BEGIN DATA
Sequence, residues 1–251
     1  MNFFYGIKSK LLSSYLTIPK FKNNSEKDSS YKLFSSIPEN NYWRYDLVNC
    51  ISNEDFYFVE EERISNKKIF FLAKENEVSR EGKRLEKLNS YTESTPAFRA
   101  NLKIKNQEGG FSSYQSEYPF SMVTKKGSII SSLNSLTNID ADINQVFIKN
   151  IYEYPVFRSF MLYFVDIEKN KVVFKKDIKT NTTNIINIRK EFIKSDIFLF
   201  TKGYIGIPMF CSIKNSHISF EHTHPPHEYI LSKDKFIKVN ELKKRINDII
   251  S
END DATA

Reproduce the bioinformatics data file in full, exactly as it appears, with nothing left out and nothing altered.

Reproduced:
Sequence, residues 1–251
     1  MNFFYGIKSK LLSSYLTIPK FKNNSEKDSS YKLFSSIPEN NYWRYDLVNC
    51  ISNEDFYFVE EERISNKKIF FLAKENEVSR EGKRLEKLNS YTESTPAFRA
   101  NLKIKNQEGG FSSYQSEYPF SMVTKKGSII SSLNSLTNID ADINQVFIKN
   151  IYEYPVFRSF MLYFVDIEKN KVVFKKDIKT NTTNIINIRK EFIKSDIFLF
   201  TKGYIGIPMF CSIKNSHISF EHTHPPHEYI LSKDKFIKVN ELKKRINDII
   251  S